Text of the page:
Staining PNs with fura 2-dextran allowed in vivo functional imaging of the AL glomerular responses upon stimulation with different odorants (1-hexanol, 1-octanol, acetophenone, and benzaldehyde).

Experiments were designed to allow continuous imaging of odour-stimulated activity from the same AL area (a single focal plane allowed access to 14 to 21 glomeruli depending on the bee) before, during, and after treatment of the brain with an imidacloprid solution. This was achieved via controlled perfusion of the brain with a buffer solution, to which substances could be added during well-defined periods, without creating interruptions or movement artefacts in the images.

The administration of a 10 μM solution of imidacloprid for 1 min, followed by washing with physiological solution, resulted in significant reduction in the mean and peak odour-evoked calcium responses within single glomeruli (see Fig. 1 and Supplementary Fig. S1). A control experiment using single-dose administration under static conditions produced comparable results on the glomerular response at as little as one-tenth of that concentration (see Supplementary Fig. S2).

Figure 1: Example of two representative glomeruli of the odour response pattern relative to each odour in a control bee (left; blue) and a treated bee (right; red).
Figure 1

Odour-evoked responses (−ΔF/F) are averaged over the 200–400 ms interval after stimulus onset, for each of the 25 stimuli repetitions (shown on the x-axis). Odours are reported on the right. Shadows: administration of Ringer’s solution (blue) or imidacloprid (red).

The onset of the effects on brain activity was slightly different among bees. This might be due to variations in the kinetics of perfusion and diffusion of the substance into the tissue. Around 1 min after the end of imidacloprid application, however, the effect on the odour-evoked responses was visible in all bees. A few minutes after imidacloprid administration, on the other hand, the response amplitude in some of the glomeruli recovered to initial values (Fig. 1 and Supplementary Fig. S1), though calcium transient dynamics could still be different. In one case, not all odour responses followed the same trend, and the recovery was odour-specific (Fig. 1, Glomerulus T1–37).

Due to the temporal variability mentioned above, and in order to compare effects across animals, we focused on three time windows, each encompassing three stimulus repetitions (≈1.5 min): before treatment, 1 min after the end of treatment (EOT), 8 min after EOT.

First, we evaluated the distributions of “excitatory” and “inhibitory” odour-evoked responses (see Methods) in the two groups relative to the three moments (Fig. 2a). Shrinkage of the excitatory response distribution in treated animals following treatment (red, 1 min after EOT) suggested that these responses diminish in both intensity and number compared with those of control bees. We tested this hypothesis by comparing the number of excitatory/inhibitory responses and their average intensity in bees of each group (Fig. 2b).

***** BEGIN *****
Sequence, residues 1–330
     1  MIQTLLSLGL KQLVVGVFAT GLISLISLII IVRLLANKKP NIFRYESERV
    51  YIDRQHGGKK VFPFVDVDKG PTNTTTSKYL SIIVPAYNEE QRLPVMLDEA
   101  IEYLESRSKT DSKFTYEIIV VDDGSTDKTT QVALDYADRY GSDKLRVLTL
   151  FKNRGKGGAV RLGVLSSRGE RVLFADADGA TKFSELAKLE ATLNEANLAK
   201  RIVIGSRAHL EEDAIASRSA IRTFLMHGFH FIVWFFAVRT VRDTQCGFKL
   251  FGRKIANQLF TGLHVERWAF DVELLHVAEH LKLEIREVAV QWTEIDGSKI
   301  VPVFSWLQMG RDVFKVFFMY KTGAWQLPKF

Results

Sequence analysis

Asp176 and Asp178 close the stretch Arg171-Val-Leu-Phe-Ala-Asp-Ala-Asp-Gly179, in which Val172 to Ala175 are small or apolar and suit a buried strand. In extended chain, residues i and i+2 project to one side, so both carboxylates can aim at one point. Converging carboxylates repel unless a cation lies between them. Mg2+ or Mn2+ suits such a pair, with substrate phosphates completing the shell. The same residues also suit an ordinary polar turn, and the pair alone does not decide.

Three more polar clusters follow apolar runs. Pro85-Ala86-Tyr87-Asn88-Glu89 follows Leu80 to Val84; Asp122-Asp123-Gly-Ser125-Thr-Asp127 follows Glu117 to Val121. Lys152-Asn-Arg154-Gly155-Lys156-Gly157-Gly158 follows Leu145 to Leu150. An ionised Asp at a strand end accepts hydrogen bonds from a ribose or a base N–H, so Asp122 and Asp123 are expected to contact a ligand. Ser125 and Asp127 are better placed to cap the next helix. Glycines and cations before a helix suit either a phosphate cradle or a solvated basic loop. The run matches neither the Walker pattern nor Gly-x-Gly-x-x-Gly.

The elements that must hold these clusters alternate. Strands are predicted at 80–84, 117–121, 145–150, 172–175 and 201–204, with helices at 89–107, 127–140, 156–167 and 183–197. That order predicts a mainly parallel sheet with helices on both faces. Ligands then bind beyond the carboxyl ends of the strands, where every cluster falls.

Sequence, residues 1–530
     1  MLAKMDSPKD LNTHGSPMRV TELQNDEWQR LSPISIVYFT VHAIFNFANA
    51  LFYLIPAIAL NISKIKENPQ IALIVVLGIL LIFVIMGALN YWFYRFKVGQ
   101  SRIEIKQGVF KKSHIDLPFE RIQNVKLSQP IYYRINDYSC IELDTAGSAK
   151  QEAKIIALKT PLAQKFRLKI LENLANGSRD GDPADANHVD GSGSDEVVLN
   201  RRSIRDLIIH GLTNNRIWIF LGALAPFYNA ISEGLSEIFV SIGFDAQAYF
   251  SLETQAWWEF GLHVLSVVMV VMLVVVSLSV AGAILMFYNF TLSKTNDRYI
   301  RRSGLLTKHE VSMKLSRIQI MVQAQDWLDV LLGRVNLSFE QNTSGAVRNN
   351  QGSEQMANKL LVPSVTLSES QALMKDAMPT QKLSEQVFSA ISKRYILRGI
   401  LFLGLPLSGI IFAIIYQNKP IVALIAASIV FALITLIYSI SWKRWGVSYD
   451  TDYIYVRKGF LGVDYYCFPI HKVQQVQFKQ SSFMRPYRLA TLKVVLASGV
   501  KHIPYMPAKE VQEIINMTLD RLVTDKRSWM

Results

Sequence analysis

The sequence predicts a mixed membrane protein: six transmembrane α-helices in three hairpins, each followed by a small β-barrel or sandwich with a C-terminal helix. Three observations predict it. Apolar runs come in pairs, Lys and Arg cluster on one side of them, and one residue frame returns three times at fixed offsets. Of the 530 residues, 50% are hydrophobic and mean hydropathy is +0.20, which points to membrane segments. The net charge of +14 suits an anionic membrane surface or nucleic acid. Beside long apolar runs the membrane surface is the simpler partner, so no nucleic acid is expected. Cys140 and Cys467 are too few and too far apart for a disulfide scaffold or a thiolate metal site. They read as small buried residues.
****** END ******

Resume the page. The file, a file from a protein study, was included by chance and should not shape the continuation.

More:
Figure 2: Odour-evoked glomerular responses were gathered and automatically classified in excitatory, inhibitory, or no response.
Figure 2

This was done for responses before treatment (Before), 1 min after EOT (1 min) and 8 min after EOT (8 min). The intensity (average −ΔF/F between 200 and 400 ms after odour onset) distributions of excitatory (top) and inhibitory responses (bottom) are shown in (a), with data from control animals (n = 5) reported in blue and those from treated animals (n = 5) in red. Boxplots indicate median, quartiles, and outliers of the distributions. In (b), the average intensity (−ΔF/F; left) and the number (right) of both excitatory and inhibitory responses across bees are shown (control bees, n = 5, in blue, and treated bees, n = 5, in red). Error bars represent SEM. Average intensity of excitatory responses varied following treatment (two-way repeated measures ANOVA showed a significant effect of time F2,16 = 9.4, p = 0.0020 and group × time interaction, F2,16 = 4.7 p = 0.025). Number of excitatory responses were also reduced by the treatment (two-way repeated measures ANOVA showed a significant effect of group × time interaction, F2,16 = 3.9, p = 0.042, and group: F1,8 = 17, p = 0.003). Pairs of measurements were further compared via paired and unpaired t-tests, respectively (*p < 0.05, **p < 0.01).

Indeed, we found that both number and average intensity of excitatory responses were reduced in treated bees following treatment. The two-way repeated measures ANOVA on response number revealed significant effects of group: F1,8 = 17, p = 0.003 and group × time interaction: F2,16 = 3.9, p = 0.042, while time was not significant: F2,16 = 2.0, p = 0.16. The two-way repeated measures ANOVA on average intensity showed a significant effect of time: F2,16 = 9.4, p = 0.0020 and group × time interaction: F2,16 = 4.7 p = 0.025, but not group: F1,8 = 1.1, p = 0.33. These effects did not occur in inhibitory responses (two-way repeated measures ANOVA on number: time: F2,16 = 0.86, p = 0.44, group × time: F2,16 = 0.53, p = 0.60, group: F1,8 = 2.2, p = 0.18; two-way repeated measures ANOVA on intensity: time: F2,16 = 1.5398, p = 0.24; group × time: F2,16 = 0.3, p = 0.74, group: F1,8 = 4.5, p = 0.07).

Parallel to this analysis, we computed average delays in onsets of odour-evoked responses in the same three time windows. Odour-evoked responses from treated bees show a significant increase in onset delay at both time points after the treatment (see Supplementary Fig. S4). This is probably contributing to the incomplete recovery that emerges from the analysis of average responses (calculated between 200 and 400 ms after stimulus onset; see Supplementary Fig. S3).

The results on the individual odour-evoked responses led to the question of how the odour codes and odour discrimination would be affected by the treatment.

To answer this question, as a measure of distinguishability, Euclidean distances (EDs) between pairs of odour-response patterns were computed, and the dynamics of this measure over the course of the 25 stimulations around imidacloprid administration were studied. ED dynamics relative to an example control bee and a treated bee are shown in the Supplementary Fig. S5.